This year’s Artist in Residence program welcomed award-winning artist, illustrator, and stop motion animator Chris Sickels. The residency generated student and faculty enthusiasm, as well as fostered interest in the art department’s programs, including a forthcoming one in stop motion animation.
Frank Guthrie, art department faculty, is spearheading the effort to add stop motion animation classes to the art department. The classes are currently going through the approval process, with classes expected to begin in Fall 2023.
“My goal is to create a two-year program for students who have zero knowledge of animation,” said Guthrie.
Mike Sheehan, art department faculty, nominated Sickels for the Artist in Residence.
“I’m always talking about crossover and I like all the overlap with different things like fine art, sculpting, animating, and illustration. And Chris is kind of a prime example of that,” said Sheehan.
Sickels’ weeklong residency included several live demonstrations, a lecture, and a reception at the Fullerton College Art Gallery, where an exhibition featuring his work is currently running. The artist’s work ranges from short films, magazine illustrations, and book covers, including the popular fantasy novel “The House in the Cerulean Sea” by TJ Klune.
At the demos, which spanned several days, Sickels worked in front of an audience where he fabricated and animated a puppet while also answering questions on his process and career. The audience laughed when he said he enjoyed the experience though he found working in front of people surreal.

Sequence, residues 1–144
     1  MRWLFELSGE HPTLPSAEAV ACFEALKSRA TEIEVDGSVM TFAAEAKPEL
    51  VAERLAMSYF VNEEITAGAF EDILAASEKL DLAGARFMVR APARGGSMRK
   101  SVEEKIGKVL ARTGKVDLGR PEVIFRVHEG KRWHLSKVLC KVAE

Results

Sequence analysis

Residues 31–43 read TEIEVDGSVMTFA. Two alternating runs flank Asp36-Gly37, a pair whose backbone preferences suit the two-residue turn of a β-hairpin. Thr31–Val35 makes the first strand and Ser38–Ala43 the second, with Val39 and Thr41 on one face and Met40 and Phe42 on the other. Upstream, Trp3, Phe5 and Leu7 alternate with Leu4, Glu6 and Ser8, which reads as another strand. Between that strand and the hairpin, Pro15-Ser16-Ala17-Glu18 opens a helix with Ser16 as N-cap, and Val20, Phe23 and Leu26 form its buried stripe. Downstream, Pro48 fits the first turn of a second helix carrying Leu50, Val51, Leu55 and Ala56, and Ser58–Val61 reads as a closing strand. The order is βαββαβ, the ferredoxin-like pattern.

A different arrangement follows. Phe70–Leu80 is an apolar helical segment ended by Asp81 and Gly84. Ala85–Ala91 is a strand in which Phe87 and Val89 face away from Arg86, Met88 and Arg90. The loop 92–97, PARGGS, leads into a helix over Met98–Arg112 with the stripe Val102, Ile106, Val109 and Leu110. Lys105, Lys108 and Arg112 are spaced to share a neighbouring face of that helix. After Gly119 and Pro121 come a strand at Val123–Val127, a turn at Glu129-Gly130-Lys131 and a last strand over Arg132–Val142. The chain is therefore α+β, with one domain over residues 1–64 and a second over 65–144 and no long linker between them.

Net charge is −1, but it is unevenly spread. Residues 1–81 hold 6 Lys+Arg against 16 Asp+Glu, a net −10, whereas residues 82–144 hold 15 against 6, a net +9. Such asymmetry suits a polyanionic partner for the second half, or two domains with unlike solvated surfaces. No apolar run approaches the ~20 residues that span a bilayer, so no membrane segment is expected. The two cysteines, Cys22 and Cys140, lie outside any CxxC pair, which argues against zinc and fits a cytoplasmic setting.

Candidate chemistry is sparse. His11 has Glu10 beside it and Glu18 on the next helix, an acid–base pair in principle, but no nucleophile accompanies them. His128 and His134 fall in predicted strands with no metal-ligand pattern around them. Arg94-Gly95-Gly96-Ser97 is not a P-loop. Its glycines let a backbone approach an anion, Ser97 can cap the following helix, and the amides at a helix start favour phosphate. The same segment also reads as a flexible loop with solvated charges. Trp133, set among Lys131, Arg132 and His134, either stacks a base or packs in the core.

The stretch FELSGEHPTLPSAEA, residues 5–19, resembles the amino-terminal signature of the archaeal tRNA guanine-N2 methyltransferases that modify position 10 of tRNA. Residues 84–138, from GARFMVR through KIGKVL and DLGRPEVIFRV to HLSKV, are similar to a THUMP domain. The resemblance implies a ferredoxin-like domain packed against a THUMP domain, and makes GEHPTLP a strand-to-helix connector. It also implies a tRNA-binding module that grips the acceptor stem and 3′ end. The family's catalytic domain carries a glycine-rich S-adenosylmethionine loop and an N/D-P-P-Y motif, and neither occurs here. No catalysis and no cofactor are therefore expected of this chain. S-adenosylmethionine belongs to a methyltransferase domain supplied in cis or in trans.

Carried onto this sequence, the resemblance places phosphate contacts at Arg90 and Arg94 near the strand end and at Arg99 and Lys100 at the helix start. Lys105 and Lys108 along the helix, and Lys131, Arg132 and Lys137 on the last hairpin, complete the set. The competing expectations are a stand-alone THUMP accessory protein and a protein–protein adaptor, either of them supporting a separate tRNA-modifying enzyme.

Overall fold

Sickels said that he was interested in a residency at Fullerton College because he wanted the new experience of demonstrating in front of people because he works alone at his home studio in Indiana. He also hoped to make stop motion animation more accessible and was excited for the courses in the works at the college.
Many students said they had attended other demos earlier in the week and went to the lecture.
“I’m just so fortunate that Chris Sickels, of all people, decided to come here because stop motion animation is one of the things that interests me,” said Ingrid Medina, a student currently enrolled in art classes.
At Wednesday night’s lecture, Sickels discussed his career, from his youth as a “farmboy in Indiana” encouraged by his teachers to apply to art school to his current work as a successful freelance artist. He presented several of his short films and detailed his career path. Sickels gave advice for artists to step out of their comfort zones.
“Take that as an encouragement to not only do what you love but push what you love to new ground,” said Sickels.
The exhibition opened on Feb. 16, showcasing Sickels’ work, including puppets and sets, prints, short films, and sketches. Work featured in Scientific American magazine, and several book covers are also on display.
The exhibition will run until Mar. 28 at the Fullerton College Art Gallery. The gallery is open Monday through Thursday, 10 a.m. to 12 p.m., 2 p.m. to 4 p.m. and by appointment. Admission is free.
“I’m really excited to be able to return to campus so that we can have these live exhibitions because it’s thrilling to see the artwork up close and see the detail of it in real life,” said Nicola Dedmon, interim Dean of Fine Arts.
“I’ve been a stop motion animator since I was 9 years old. Listening to his stories of how he became an animator and how he’s also self-taught is very admirable. And watching his process of creating is very awe-inspiring,” said Brice Flores, who attended the demos.
“Setting your limits and building on top of those. I think it just goes back to the whole mentality of using what you have at hand and making the most of it. You use the tools that you have to get the job done. So I think I infuse a little bit of that into the work I do every day because the budget’s never going to be perfect, the timing’s never going to be perfect and the subject matter is never going to be perfect. You just try to make the best of what you have on the table that day,” Sickels said during his demo.
EDIT: This article was edited to correct an incorrect name.